This SBIR Fast-Track project will create an innovative new system for lower limb prosthetic alignment. Direct real-time measurements of force and moment at the base of the posthetic socket will be input for a newly developed algorithm in the Computerized Prosthetic Alignment System (ComPAS). It will assist prosthetists in the critical task of proper alignment. Previous investigators have clearly indicated a need for such a system, while noting the theoretical feasibility of using instrumentation to help a prosthetist improve prosthetic alignment. Previous efforts have not produced a successful system. Based on preliminary work we believe our new approach can successfully be developed into a clinically relevant, commercially viable system for lower limb prosthetic alignment. ComPAS will be an integrated system that is easy to use and intuitive to the prosthetist. It will be reasonably priced and we will seek a reimbursement code for its use so the system can 'pay for itself.' It will have near universal application in lower limb prostheses without special accommodation by the prosthetist and be used in both static and dynamic situations. The patient will be untethered and the system will be used in a normal office or clinic environment. Automated measurement and interpretation of gait parameters will be translated into user-friendly indicators that indicate to the prosthetist how to improve the alignment of the prosthesis. Phase I work will focus on building prototype hardware and software and demonstrating the efficacy of our approach. Phase II will refine the physical packaging and clinical capabilities, and will undertake more extensive scientific validation of the system. Phase I work will be comprised of the following four Specific Aims: 1. Design and Build Prototype ComPAS, 2. Refine Alignment Detection Algorithm, 3. Prosthetic Alignment Testing Using Proof of Concept ComPAS Prototype, 4. Clinical Review. Phase II work will build from the results and lessons learned from the Phase I project which focused on demonstrating proof of concept of a heuristic method for refining an algorithm to recognize misalignment from force and moment data collected at the base of the prosthetic socket during walking. Phase I feedback from clinical prosthetists and other experts in prosthetic gait will also be used to guide Phase II development. Phase II work will consist of the following 5 Specific Aims: 1. Design and Build Definitive ComPAS Hardware, 2. Design ComPAS Software Interface, 3. Refine Alignment Detection Algorithm, 4. System Testing, 5. Develop Proposed Criteria for Optimal Alignment. CYMA has an exceptional team with over 62 combined years of experience in the field of prosthetic research. We have specific knowledge of the field and the technical and business skills required for successful completion of the proposed development.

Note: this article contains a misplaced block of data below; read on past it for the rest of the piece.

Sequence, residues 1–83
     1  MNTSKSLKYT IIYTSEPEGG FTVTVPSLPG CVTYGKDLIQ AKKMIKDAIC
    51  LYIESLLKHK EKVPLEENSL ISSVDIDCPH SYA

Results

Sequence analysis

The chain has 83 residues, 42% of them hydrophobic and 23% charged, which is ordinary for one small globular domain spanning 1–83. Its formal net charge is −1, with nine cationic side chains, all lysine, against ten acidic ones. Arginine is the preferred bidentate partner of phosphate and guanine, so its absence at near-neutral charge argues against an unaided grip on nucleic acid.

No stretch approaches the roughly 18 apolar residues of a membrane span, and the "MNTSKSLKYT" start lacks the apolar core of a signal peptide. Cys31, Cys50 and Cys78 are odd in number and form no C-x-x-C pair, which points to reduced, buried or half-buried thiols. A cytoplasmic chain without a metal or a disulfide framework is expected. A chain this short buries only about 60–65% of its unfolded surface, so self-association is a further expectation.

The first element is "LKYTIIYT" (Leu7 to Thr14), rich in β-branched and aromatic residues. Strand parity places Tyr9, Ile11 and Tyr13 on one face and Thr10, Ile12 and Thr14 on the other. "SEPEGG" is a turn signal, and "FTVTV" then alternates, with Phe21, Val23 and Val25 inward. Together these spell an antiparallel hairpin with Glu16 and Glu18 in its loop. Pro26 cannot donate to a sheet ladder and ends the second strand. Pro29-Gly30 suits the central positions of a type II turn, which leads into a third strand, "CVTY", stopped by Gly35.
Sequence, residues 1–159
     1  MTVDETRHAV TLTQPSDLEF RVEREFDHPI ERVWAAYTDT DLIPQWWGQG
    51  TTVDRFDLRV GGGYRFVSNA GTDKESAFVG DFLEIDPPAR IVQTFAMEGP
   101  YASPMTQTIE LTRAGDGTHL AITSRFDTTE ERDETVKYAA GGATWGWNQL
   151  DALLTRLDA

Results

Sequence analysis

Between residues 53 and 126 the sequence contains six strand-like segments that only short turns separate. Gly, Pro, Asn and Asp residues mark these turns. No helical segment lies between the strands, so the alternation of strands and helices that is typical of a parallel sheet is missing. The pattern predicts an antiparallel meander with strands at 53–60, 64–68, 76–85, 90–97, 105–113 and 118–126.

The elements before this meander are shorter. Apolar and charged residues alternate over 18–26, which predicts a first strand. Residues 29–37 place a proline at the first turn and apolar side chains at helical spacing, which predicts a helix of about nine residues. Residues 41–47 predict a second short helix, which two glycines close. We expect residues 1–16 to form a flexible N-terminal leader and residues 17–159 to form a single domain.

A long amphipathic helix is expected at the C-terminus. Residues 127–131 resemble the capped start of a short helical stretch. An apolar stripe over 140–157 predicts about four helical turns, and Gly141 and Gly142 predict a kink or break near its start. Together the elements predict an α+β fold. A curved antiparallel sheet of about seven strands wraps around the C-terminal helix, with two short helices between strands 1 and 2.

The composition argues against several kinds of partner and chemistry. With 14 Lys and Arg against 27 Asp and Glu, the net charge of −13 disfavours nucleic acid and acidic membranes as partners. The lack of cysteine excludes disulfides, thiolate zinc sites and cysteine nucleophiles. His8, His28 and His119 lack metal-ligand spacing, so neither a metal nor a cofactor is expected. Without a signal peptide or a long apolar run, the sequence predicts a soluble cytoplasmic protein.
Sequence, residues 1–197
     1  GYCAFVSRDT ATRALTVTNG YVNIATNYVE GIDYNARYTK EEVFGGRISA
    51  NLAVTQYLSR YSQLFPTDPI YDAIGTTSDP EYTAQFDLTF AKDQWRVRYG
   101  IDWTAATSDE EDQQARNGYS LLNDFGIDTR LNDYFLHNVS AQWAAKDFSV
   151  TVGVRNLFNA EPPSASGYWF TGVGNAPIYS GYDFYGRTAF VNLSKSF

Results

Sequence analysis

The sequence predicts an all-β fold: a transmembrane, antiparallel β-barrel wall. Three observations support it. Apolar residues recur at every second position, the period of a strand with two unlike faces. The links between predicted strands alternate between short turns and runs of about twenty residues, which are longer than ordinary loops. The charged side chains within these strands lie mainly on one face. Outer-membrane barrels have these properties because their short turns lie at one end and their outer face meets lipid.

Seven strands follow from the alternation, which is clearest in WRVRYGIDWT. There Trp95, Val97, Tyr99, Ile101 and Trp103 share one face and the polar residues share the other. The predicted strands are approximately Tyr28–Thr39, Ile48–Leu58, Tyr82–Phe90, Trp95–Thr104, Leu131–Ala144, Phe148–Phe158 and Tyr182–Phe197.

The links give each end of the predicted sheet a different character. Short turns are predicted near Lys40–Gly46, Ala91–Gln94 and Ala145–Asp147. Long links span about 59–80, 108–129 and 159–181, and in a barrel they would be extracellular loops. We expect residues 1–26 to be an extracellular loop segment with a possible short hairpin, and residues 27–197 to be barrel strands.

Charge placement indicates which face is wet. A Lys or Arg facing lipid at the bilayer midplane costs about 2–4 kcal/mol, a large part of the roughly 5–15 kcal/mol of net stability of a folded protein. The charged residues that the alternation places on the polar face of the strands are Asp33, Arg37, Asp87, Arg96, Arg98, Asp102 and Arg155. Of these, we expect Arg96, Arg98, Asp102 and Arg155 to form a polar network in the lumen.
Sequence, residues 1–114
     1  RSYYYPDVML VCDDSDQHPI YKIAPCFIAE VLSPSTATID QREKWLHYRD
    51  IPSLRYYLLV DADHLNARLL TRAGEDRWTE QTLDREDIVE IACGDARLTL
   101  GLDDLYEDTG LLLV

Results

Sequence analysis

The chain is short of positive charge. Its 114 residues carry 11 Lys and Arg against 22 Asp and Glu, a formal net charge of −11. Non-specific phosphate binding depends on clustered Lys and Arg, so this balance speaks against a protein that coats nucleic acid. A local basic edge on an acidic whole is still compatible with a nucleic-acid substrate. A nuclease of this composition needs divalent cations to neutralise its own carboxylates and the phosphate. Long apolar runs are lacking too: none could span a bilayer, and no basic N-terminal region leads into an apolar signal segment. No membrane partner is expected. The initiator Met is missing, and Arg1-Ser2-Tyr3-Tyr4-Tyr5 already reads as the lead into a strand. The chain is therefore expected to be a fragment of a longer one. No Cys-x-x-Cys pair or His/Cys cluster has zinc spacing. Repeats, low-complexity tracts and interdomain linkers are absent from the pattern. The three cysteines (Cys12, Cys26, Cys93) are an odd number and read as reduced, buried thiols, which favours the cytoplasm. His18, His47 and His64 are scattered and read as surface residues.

National Institute of Health (NIH)
Eunice Kennedy Shriver National Institute of Child Health & Human Development (NICHD)
Small Business Innovation Research Grants (SBIR) - Phase II (R44)
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Special Emphasis Panel (ZRG1-SSS-9 (10))
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Quatrano, Louis A
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Cyma Corporation
Mountlake Terrace
United States
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Kobayashi, Toshiki; Orendurff, Michael S; Arabian, Adam K et al. (2014) Effect of prosthetic alignment changes on socket reaction moment impulse during walking in transtibial amputees. J Biomech 47:1315-23
Kobayashi, Toshiki; Arabian, Adam K; Orendurff, Michael S et al. (2014) Effect of alignment changes on socket reaction moments while walking in transtibial prostheses with energy storage and return feet. Clin Biomech (Bristol, Avon) 29:47-56
Kobayashi, Toshiki; Orendurff, Michael S; Boone, David A (2013) Effect of alignment changes on socket reaction moments during gait in transfemoral and knee-disarticulation prostheses: case series. J Biomech 46:2539-45
Boone, David (2009) The next challenge in prosthetics. Rehab Manag 22:16-7